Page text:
But we can probably think about inching forward to some increased risk once all over-50s are vaccinated (phase 2A), with some modest relaxation of the border. Yet we can never totally escape the risk of outbreaks.
So what can we do now with borders?
First, continue with the trans-Tasman bubble.
Second, remove or greatly reduce quarantine for vaccinated travellers from many East Asian countries, which present a low risk to Australia. As an example, the average number of known active infectious people in China at any point in time recently is about 250. Let’s assume this equates to about 100 unknown infections at any point in time (that is, people who are not yet symptomatic or detected). For a population of 1.4 billion, that’s a 0.000007 per cent risk of any person in China being infected.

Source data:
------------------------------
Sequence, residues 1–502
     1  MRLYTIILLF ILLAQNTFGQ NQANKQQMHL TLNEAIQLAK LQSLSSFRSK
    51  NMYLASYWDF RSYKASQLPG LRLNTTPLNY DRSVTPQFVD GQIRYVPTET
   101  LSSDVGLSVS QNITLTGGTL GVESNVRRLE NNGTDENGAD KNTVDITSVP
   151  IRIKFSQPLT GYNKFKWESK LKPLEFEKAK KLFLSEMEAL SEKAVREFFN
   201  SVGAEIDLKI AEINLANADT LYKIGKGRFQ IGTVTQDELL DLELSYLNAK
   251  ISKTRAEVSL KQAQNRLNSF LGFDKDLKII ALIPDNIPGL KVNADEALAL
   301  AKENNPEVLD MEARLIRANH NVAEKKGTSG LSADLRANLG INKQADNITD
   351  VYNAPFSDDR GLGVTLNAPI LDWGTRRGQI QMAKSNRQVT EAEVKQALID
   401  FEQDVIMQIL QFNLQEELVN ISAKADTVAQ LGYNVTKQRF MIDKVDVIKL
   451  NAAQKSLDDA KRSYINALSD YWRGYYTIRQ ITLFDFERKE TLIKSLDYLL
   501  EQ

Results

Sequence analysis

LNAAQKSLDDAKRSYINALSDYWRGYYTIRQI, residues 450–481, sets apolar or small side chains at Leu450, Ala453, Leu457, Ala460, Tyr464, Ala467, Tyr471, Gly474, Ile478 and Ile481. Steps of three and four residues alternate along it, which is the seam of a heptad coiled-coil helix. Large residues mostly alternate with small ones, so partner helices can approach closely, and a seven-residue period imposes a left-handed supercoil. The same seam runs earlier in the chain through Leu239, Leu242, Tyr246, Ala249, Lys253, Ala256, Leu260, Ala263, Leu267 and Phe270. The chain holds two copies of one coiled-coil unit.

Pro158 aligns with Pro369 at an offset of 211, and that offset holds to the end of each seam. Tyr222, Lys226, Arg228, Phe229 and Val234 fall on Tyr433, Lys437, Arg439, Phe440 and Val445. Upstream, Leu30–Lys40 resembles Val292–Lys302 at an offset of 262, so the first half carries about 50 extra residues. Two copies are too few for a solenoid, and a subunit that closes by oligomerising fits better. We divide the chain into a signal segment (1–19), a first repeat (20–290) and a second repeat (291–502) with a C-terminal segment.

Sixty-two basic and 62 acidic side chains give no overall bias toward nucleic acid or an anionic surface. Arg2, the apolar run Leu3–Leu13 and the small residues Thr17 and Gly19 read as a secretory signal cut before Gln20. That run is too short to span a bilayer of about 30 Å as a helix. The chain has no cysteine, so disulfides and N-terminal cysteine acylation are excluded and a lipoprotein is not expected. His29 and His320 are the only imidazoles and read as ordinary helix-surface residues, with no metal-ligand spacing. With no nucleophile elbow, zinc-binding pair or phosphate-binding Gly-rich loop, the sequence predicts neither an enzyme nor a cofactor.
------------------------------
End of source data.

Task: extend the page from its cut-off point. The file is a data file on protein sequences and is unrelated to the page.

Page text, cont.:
This suggests that for 10,000 vaccinated arrivals from China per month with modified quarantine, the expected number of infected people unwittingly getting out into the Australian population per month is 0.000014. Or, put another way, our above UK example presents 70,000 times the risk of an arrival from China. Given such low risk, it’s hard to justify why university students from China cannot start in time for semester two this year if they’re vaccinated and going into some form of modified quarantine.
Third, we need a national framework to assess the risk. Focusing on one measure alone isn’t wise – you have to look at the whole system. Such a framework can be developed now, at the same time as setting our risk thresholds so policy-makers, airlines and other industries can start planning.
What do you think? Do you want international borders open or should they stay closed until the majority of Australians are vaccinated?